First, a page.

As much as I love food, I am not a food blogger. The number one problem I have in taking pictures of food is forgetting to do so before I dig in. Normally, by the time I remember that I want to “blog this”, we’re already halfway or more through the dish. This makes for ugly pictures and totally destroys any attempt at presentation either from the restaurant or myself. That said, I love love love love (love) food. In the hierarchy of love in my life, we’ve got George-Food-Photography and there is little room for anything else. Which of these would I give up for the other? It is very very difficult to think about that question and so I’m not going to. Suffice to say that the trifecta there provides at least 80% of the joy in my life.
On to the food!
Our first images are from Basso56, located in the Theatre District, mid-town Manhattan. I found this place through Yelp, which is my new favorite thing. The yelpers liked this place and so did we. Below you’ll see (in order) duck breast with figs and balsamic reduction, goat cheese-stuffed eggplant and scallops with porcini mushrooms and orange oil. Yes, we ate many other things that night. Our first courses were beet salad and ricotta cheese (him) and buffalo mozzarella with speck (me). The speck (smoked prosciutto) was freaking amazing. I need to have more speck in my life. For dessert we had chocolate crepes and hazelnut gelato. So obviously I remembered to photograph our middle course but not the beginning or end. This is completely typical. I get excited and just dig in.
It was also just one of those lovely nights where George and I really had a great conversation, letting the whole rest of the world blow away. This seems to happen with us at nice restaurants, which is really great because otherwise you’re just having some food.
The other thing that happens with me far too much is I get the food or it’s ready to eat and it’s hot and I know it’s going to be tasty and I just can’t be bothered to make the photo look pretty and so normally I don’t even bother posting. But this little concoction I made deserves some mention. What you see below is what I’ve just decided to call ABC pizza because that way the headline for this post fits on one line. The ABC stands for Apple-Bacon-Caramelized onion. And yeah, it was really, really good.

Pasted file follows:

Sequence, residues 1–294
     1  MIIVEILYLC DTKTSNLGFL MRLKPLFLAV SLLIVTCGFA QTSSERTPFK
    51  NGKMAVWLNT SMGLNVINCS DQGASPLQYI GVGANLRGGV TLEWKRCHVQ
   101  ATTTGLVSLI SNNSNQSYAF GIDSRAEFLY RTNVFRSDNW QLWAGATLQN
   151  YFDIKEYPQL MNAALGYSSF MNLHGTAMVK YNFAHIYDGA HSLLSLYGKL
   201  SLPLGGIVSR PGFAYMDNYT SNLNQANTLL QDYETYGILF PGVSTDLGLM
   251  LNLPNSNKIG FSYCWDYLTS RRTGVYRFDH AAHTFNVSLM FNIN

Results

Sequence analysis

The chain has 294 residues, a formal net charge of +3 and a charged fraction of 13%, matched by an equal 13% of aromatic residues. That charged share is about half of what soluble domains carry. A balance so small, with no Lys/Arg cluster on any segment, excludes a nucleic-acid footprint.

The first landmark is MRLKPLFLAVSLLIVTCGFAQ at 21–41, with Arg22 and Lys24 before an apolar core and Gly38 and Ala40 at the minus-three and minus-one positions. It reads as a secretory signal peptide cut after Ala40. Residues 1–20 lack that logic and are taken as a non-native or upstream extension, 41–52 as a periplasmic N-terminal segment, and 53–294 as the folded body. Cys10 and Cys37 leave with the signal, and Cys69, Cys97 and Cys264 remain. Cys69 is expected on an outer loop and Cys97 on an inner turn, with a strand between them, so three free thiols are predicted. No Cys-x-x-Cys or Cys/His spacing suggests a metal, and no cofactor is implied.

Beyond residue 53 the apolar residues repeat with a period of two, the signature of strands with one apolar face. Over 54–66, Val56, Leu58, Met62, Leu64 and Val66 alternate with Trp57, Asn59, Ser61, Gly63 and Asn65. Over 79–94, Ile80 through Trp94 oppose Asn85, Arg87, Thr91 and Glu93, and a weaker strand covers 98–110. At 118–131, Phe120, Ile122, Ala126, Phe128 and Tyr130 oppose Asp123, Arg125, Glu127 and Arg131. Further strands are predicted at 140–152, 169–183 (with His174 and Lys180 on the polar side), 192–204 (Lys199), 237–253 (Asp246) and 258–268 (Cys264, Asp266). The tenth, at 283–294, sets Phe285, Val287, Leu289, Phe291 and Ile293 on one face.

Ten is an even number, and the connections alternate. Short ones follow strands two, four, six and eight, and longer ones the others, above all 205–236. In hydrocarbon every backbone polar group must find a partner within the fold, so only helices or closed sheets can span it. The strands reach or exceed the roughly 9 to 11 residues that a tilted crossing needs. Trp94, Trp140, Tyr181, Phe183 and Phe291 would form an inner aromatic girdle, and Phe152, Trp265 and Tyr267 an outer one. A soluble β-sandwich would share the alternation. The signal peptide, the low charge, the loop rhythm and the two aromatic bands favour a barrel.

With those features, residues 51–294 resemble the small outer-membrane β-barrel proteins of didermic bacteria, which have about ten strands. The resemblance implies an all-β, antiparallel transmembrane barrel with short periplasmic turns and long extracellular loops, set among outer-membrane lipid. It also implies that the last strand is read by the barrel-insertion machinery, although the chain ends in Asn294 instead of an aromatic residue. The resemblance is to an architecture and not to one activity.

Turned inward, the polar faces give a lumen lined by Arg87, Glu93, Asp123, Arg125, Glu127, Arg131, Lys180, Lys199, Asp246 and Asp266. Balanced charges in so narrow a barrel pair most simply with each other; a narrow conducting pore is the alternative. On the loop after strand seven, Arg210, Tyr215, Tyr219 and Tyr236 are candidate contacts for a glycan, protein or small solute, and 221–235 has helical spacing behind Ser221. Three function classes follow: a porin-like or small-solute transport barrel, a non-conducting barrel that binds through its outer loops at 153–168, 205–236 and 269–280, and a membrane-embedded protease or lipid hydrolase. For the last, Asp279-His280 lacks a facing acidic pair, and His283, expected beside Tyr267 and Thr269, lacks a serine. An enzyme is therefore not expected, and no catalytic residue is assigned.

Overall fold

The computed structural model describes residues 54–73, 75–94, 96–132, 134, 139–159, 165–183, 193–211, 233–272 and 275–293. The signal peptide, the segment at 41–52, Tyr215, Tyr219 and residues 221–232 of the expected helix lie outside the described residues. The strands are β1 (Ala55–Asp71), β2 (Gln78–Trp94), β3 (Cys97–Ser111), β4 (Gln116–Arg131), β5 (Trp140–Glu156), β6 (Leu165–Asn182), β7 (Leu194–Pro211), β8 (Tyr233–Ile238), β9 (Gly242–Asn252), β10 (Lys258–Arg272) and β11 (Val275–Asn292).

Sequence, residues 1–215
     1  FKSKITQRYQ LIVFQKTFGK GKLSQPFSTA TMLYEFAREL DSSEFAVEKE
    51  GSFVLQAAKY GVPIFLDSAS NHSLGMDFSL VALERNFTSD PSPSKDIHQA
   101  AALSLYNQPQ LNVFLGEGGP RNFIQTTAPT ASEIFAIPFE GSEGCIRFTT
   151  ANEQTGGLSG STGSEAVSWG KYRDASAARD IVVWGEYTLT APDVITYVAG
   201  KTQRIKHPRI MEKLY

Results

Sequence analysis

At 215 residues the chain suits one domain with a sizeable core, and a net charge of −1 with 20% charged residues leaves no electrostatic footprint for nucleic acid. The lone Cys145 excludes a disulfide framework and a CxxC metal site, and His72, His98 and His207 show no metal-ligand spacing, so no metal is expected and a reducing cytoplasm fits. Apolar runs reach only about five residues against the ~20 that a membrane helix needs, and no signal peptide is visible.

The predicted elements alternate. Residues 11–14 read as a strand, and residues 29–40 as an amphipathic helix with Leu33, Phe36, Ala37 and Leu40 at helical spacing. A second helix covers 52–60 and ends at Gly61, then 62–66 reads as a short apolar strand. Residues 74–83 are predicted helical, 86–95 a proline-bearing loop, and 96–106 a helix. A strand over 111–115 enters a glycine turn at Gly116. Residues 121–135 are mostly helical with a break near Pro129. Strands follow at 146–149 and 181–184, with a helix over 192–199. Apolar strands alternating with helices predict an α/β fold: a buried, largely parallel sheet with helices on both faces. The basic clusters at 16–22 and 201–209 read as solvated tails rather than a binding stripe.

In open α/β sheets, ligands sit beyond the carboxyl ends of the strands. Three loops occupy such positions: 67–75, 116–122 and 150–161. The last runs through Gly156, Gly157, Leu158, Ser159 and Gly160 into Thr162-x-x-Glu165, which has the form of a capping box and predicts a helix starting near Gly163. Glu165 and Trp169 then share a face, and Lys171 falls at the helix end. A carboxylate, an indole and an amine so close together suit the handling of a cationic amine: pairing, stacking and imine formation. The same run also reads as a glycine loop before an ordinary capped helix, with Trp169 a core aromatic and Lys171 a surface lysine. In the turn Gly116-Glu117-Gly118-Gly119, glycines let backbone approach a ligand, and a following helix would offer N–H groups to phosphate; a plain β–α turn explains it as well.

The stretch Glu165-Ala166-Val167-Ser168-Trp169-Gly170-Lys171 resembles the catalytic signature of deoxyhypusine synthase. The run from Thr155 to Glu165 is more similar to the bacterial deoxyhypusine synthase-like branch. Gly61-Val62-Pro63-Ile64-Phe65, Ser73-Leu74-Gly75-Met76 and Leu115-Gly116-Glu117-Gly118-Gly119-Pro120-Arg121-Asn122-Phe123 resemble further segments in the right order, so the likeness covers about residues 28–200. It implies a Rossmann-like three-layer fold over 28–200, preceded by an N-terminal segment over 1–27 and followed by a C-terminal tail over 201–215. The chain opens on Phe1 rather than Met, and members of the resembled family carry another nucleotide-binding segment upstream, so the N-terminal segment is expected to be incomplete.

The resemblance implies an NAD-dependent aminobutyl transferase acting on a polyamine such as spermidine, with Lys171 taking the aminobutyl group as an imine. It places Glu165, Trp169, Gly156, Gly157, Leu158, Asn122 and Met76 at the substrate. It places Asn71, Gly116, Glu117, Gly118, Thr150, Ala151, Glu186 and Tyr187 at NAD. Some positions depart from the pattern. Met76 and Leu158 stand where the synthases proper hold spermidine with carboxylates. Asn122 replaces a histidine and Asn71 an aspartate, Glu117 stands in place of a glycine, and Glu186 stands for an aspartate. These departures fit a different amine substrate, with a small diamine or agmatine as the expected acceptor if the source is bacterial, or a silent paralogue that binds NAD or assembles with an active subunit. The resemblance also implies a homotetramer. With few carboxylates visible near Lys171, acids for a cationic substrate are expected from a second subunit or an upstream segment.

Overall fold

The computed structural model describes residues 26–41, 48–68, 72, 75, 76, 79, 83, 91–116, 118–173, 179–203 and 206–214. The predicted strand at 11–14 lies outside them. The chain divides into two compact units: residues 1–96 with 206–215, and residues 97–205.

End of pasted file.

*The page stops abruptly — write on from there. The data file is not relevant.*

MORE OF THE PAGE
Here’s the recipe:
Mix 1c white flour, 1c whole wheat flour, 1/2 tsp each salt & yeast and 3/4c warm water. Knead until smooth, about five minutes. You might have to add a little more flour so it isn’t sticky. Divide in two. Roll out thin on parchment paper.
I didn’t use a sauce for this pizza and it didn’t need. For each pizza, I thinly sliced one small apple and laid the slices out so they covered the pizza right up to the crust. Then I added chopped bacon and the caramelized onions. Each pizza got about 1c of mozzarella on top and a generous drizzle of the wine sauce.
The onions and sauce:
Caramelized onions are one of cooking’s greatest joys. Slice up an onion or two or three and maybe some shallots (I did). Then take your enameled cast-iron pan (really, this is your best best. I don’t know how else to do this) and melt a lot of butter in there (maybe 1T for each onion). Put the flame on low low low and cook the onions for an hour. They’ll get brown but shouldn’t burn anywhere.
When you take the onions out, there will be lots of lovely burnt little bits of stuff on the bottom of the pan. Pour 1c or so of red wine into the pan and turn the heat up. Scrape the bottom of the pan with a silicone spatula, trying to get up as much of the bits as possible. Cook until you can scrape the spoon through the wine and the liquid doesn’t immediately fill in the trench left behind. Then melt another 2T (or more) of butter into the sauce and turn off the heat. This will separate as you’re preparing the pizzas, which is fine. Empty the pan into a bowl and whisk until it comes together again.
A half-hour before you start the first pizza, turn your oven up to 500*. If you have a pizza stone, put it in. If not, just use a pan (but don’t preheat it). When the oven is hot, put the pizza, parchment paper and all, onto the stone and cook for 10 minutes or so. The cheese will dry out some, which is fine because the apples will cook down and provide moisture. If your oven has bad hot spots, turn the pizza half way. Then remove and eat. Be prepared to eat a lot.